Digital backchannels

September 13th, 2009
by jodi

A discussion of IRC in the classroom sent me off to my Zotero library for examples.

I remembered reading a few great papers on using IRC at conferences (these days twitter is the rage); what I didn’t remember was writing a mini-bibliography (shared below).

For teachers interested in using digital backchannels like IRC, IM, or twitter, the most pertinent is #6 below: Yardi, The role of the backchannel in collaborative learning environments. A new paper by graduate students at UBC is also worth a read: Nobarany, S., & Haraty, M. (2009 April 20). Supporting Classroom Discussions Using a Trust-enhanced Private Backchannel.” [author PDF] Proceedings of Human Interface Technologies 2008/9 Conference. Adding to the tools available, MIT media lab has a backchannel service, which they’ve written about [ACM copy].

UIUC’s LEEP program uses IRC as a backchannel in distance classes. (Though I hear they’re promoting verbal discussion with Elluminate this fall.) I found it very valuable to have private ‘whispers’ to classmates during our synchronous ‘live session’ classes. For me, it was also great to be able to type a question when I had it, without waiting for a pause in the audio lecture.

Originally written 2007-12-09 for GSLIS LIS 590IIL, Interfaces to Info Systems. Edited for links, formatting, and typos.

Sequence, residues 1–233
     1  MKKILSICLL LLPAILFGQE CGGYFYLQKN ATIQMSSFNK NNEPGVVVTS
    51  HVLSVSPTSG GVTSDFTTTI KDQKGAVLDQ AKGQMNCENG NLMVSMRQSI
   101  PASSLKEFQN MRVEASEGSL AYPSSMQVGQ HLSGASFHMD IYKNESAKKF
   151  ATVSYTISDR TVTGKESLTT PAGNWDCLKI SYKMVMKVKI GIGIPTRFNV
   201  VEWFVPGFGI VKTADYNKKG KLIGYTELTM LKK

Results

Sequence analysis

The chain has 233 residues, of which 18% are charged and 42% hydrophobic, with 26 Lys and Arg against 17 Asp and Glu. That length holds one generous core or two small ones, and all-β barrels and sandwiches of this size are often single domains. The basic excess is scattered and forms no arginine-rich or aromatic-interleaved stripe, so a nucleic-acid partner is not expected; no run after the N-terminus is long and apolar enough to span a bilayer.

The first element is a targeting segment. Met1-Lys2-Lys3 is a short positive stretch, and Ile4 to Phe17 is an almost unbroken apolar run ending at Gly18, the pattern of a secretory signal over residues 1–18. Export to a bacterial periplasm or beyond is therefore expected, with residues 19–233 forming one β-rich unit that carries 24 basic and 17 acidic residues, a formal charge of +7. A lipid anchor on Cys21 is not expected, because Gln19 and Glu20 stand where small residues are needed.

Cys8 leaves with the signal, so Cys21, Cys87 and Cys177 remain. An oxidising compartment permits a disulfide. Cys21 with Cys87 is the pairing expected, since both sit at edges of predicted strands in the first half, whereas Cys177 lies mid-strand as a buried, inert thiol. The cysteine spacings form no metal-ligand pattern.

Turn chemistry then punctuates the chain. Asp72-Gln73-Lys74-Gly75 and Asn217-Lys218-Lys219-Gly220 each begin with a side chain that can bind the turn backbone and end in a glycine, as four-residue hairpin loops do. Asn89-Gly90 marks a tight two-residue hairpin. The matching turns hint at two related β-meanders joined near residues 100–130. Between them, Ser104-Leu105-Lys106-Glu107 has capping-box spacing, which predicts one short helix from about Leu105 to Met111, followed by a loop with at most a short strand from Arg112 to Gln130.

Digital backchannels refer to private communication between individuals also taking part in a public digital conversation. Whispers in live session are one example of a digital backchannel.

I reviewed 6 papers on “backchannels”, expanding outwards from 4 papers I found in CHI and CSCW proceedings. See the annotations in references below for more details about these papers. I recommend 2 papers. The seminal paper about digital backchannels, which I expect to become a classic in time, is Cogdill et. al. [1]. A briefer, but less meaty treatment, is given by McCarthy and boyd’s analysis of chatlogs from an in-person conference [2].

One caution is that, while linguists have studied “face-to-face oral backchannel for three decades” [1], studies in the digital realm are much newer, and “its spelling has not stabilized yet, so it can be found in all of its forms — backchannel, back-channel, and back channel — in current usage.”[1]. When researchers talk about digital backchannels, they sometimes seem to include private messaging between two individuals in the same sweep as group chats concurrent to some other activity. For example, Kellogg et. al. [3] discuss characteristics of backchannels which we’ll find familiar from LEEP classes—from the main room and private messages respectively: “They allow listeners to provide non-interruptive feedback to the speaker (‘raising hands,’ asking questions via IM), but at the same time they may take on the more private character of the second more political sense of backchannel (allowing two audience members to chat via IM with one another with no indication to others that it is occurring).”

Here’s a bit more detail about the papers I recommend:

Cogdil et. al. [1] present a taxonomy for backchannel communication. They “identified five backchannel categories: process-oriented, content-oriented, participation-enabling, tangential and independent backchannel.”

The CSCW ’04 conference had two events related to digital backchannels:

  • a panel presentation about digital backchannels [4]
  • an IRC chatroom for each of the conference’s three physical rooms

The chatrooms were logged for the duration of the conference, and McCarthy and boyd analyzed the chat logs[2]. (I wish I had a log of the chatroom from the panel session&emdash;talk about meta!)